BURTON C. WEST, M.D.; JOHN R. TODD, M.D.; JOHN W. KING, M.D.
Wegener granulomatosis was diagnosed in a 42-year-old woman in 1965. Although a regimen of azathioprine and prednisone was helpful, the disease progressed. Cyclophosphamide was added to this regimen in 1969. On three separate occasions her disease relapsed when cyclophosphamide therapy was discontinued. In 1984, she developed cyclophosphamide-resistant disease and drug toxicity. We were able to discontinue cyclophosphamide therapy after a trimethoprim-sulfamethoxazole regimen that was begun in February 1985 led to rapid improvement, a fall in the erythrocyte sedimentation rate, and a complete remission. Her 22-year survival is the longest one reported. Because patients with Wegener granulomatosis sometimes respond to trimethoprim-sulfamethoxazole, this therapy deserves careful study and implies that Wegener granulomatosis is an as yet unidentified infection.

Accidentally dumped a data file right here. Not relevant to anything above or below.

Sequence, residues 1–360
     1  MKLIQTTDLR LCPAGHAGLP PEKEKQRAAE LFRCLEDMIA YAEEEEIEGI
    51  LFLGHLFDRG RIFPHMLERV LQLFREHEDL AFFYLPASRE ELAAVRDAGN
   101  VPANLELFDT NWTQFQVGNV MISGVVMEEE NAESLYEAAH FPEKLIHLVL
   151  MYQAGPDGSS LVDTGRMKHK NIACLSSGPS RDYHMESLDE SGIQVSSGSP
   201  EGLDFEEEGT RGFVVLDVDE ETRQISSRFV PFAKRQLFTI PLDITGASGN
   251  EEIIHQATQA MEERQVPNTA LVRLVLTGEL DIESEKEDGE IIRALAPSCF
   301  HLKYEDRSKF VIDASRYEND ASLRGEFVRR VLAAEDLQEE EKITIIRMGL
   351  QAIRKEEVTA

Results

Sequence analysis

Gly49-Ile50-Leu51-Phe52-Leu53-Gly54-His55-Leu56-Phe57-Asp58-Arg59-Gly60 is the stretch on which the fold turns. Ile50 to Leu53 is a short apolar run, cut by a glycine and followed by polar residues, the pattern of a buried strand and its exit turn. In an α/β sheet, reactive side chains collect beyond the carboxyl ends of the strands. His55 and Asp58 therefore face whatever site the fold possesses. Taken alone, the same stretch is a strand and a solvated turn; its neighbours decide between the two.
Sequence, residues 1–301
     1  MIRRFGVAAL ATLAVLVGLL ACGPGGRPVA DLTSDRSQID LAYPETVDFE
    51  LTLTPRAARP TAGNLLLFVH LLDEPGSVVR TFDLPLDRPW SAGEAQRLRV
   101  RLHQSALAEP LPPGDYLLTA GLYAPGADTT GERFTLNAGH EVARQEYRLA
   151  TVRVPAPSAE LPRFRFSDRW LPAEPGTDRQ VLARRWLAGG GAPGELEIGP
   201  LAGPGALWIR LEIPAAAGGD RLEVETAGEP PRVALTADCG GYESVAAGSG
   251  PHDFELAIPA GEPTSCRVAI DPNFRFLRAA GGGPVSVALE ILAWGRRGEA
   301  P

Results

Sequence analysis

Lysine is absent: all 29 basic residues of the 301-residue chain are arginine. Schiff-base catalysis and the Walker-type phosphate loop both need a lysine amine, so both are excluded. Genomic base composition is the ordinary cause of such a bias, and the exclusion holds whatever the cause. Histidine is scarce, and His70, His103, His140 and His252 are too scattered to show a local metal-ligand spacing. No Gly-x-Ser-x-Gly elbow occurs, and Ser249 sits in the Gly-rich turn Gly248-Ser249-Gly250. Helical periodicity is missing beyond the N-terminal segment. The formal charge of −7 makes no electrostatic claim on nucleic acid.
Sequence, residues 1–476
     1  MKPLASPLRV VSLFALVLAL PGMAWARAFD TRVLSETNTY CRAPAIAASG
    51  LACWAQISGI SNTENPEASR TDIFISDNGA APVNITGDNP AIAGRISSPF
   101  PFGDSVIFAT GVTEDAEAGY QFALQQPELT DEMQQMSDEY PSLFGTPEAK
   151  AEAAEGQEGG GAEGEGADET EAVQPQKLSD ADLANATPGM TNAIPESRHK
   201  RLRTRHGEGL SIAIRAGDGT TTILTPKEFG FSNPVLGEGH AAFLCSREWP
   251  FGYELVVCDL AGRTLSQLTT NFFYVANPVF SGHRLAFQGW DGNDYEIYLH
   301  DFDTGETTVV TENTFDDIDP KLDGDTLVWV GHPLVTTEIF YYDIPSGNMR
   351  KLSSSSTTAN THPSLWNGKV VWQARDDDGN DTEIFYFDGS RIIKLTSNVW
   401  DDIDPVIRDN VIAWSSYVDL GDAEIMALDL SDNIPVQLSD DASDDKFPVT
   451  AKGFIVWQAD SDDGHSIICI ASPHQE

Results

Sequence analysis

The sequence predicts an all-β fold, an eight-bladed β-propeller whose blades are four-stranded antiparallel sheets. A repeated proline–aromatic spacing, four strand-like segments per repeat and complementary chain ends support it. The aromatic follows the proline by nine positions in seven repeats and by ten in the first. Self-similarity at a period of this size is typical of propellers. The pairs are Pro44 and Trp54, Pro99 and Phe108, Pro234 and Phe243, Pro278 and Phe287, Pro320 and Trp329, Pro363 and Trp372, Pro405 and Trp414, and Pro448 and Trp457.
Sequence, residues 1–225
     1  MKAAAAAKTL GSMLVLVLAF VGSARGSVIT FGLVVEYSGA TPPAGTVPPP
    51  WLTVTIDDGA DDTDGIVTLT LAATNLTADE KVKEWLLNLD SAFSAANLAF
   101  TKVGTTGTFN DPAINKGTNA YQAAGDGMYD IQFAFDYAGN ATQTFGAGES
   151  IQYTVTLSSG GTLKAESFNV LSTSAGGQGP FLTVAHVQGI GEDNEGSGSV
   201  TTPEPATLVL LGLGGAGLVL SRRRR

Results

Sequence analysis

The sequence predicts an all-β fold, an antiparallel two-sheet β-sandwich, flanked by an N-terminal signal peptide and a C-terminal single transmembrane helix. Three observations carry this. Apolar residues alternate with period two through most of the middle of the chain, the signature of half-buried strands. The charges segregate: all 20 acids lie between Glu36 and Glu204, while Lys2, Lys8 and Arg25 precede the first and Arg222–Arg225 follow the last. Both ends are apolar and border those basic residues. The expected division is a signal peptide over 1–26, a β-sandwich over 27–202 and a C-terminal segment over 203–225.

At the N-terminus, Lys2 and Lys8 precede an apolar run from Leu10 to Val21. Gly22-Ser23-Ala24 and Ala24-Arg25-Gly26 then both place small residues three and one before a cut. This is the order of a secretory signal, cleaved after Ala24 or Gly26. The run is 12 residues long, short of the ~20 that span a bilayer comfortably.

WEST BC, TODD JR, KING JW. Wegener Granulomatosis and Trimethoprim-Sulfamethoxazole: Complete Remission After a Twenty-Year Course. Ann Intern Med. 1987;106:840–842. doi: 10.7326/0003-4819-106-6-840
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Published: Ann Intern Med. 1987;106(6):840-842.
Autoimmune Kidney Disease, Interstitial Lung Disease, Nephrology, Pulmonary/Critical Care, Rheumatology.
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Print ISSN: 0003-4819 | Online ISSN: 1539-3704
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